Access Type

Open Access Dissertation

Date of Award

January 2014

Degree Type


Degree Name




First Advisor

Matthew J. Allen


The formation of carbon-carbon bonds is of great interest to synthetic chemists because these bonds make up the majority of biologically active compounds. The Mukaiyama aldol reaction is a Lewis-acid-catalyzed carbon-carbon bond-forming reaction that has the ability to produce optically active β-hydroxy carbonyls which can be found in many pharmaceuticals and natural products. Because of precatalyst instability towards hydrolysis, anhydrous solvents are commonly used. Recent efforts have focused on water-tolerant versions of enantioselective Mukaiyama aldol reactions because of the financial and environmental benefits of using aqueous media. Consequently, the Lewis-acidic and water-tolerant features of Ln3+ ions have aroused great interest in lanthanide-catalyzed bond-forming reactions in aqueous media.

Several Ln3+-based Lewis acid precatalysts that were designed for Mukaiyama aldol reactions have been shown to be enantioselective, water-tolerant, and recoverable. Limiting the usefulness of these precatalysts are high ligand loadings and long reaction times that are necessary for high enantiomeric ratios. An understanding of water-coordination number, counter anion identitiy, solvent system, and ligand type effect(s) are necessary to improve upon existing Ln3+-based precatalysts.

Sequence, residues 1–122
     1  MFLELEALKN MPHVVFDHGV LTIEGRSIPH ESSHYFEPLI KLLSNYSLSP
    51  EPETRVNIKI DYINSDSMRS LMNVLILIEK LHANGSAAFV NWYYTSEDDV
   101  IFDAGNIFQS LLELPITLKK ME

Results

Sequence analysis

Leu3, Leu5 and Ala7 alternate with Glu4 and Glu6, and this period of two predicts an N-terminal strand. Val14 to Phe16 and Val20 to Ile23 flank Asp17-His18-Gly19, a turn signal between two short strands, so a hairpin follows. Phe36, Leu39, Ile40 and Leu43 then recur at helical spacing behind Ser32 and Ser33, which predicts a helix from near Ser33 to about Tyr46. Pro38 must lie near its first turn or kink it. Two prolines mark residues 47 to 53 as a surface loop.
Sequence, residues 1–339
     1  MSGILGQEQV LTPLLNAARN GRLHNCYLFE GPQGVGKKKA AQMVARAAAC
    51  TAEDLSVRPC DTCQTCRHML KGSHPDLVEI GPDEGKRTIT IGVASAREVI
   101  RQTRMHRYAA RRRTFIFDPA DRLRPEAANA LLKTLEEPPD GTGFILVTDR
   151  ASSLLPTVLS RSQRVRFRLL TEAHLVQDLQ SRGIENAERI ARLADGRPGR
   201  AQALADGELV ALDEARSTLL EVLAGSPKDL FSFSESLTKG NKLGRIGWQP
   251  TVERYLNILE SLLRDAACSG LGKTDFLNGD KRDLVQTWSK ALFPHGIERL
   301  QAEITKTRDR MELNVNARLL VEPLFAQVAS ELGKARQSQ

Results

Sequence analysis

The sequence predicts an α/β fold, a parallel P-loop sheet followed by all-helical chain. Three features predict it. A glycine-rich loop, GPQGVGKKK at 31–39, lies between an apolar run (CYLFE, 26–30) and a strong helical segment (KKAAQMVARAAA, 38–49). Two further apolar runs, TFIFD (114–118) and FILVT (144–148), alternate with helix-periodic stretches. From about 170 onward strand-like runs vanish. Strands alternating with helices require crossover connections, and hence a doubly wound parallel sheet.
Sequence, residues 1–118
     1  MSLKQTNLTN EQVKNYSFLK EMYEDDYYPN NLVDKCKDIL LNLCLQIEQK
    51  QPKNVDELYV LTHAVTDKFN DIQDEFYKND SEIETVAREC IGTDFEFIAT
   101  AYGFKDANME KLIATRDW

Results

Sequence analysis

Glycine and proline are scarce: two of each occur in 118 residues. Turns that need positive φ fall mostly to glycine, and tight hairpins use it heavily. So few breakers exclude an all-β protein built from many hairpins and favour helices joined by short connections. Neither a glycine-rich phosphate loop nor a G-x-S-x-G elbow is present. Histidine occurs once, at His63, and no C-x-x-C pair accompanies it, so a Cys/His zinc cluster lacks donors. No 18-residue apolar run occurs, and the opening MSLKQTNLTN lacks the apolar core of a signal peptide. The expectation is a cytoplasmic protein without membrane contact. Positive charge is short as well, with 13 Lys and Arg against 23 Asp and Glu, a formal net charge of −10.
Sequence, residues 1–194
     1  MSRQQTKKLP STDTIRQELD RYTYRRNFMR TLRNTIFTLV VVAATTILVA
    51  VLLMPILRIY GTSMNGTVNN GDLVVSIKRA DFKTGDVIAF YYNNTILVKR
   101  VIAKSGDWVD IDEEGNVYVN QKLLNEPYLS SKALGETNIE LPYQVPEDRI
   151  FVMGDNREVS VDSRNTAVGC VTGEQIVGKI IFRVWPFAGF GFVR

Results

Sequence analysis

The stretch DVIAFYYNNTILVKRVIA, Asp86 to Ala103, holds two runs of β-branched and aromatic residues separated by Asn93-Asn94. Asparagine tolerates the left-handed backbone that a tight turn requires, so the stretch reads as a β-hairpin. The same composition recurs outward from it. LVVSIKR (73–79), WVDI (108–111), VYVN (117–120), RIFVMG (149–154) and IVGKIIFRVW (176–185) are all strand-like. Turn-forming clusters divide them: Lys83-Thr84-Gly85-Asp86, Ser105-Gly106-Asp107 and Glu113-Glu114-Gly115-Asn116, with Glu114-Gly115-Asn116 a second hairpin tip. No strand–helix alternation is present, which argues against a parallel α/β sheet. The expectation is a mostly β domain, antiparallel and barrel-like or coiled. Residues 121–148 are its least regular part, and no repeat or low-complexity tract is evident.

I used luminescence-decay measurements and high performance liquid chromatography analyses to study the effects of water-coordination number, counter anion identitiy, and solvent system on reaction rates of Mukaiyama aldol reactions. I found that higher water-coordination numbers and higher water compositions gave rise to more reactive precatalysts for Mukaiyama aldol reactions that were catalyzed by Eu3+. I synthesized and characterized four new hexadentate ligands to study the effects of ligand type on reactivity and selectivity of Eu3+-based precatalysts for Mukaiyama aldol reactions. I used Eu3+ emission spectra and 1H-NMR experiments to study changes in Eu3+ coordination while titrating hexadentate ligands into solutions of Eu3+ and I found that Eu3+ is able to be coordinatively saturated in the presence of excess hexadentate ligands.

By studying Eu3+ in the presence of different anions and several chiral hexadentate ligands that contain ester, carboxylic acid, alcohol and amide donating groups I was able to find trends in reactivity and selectivity. In this thesis I describe the results that are likely to contribute to the development of highly reactive and selective Ln3+-based precatalysts.

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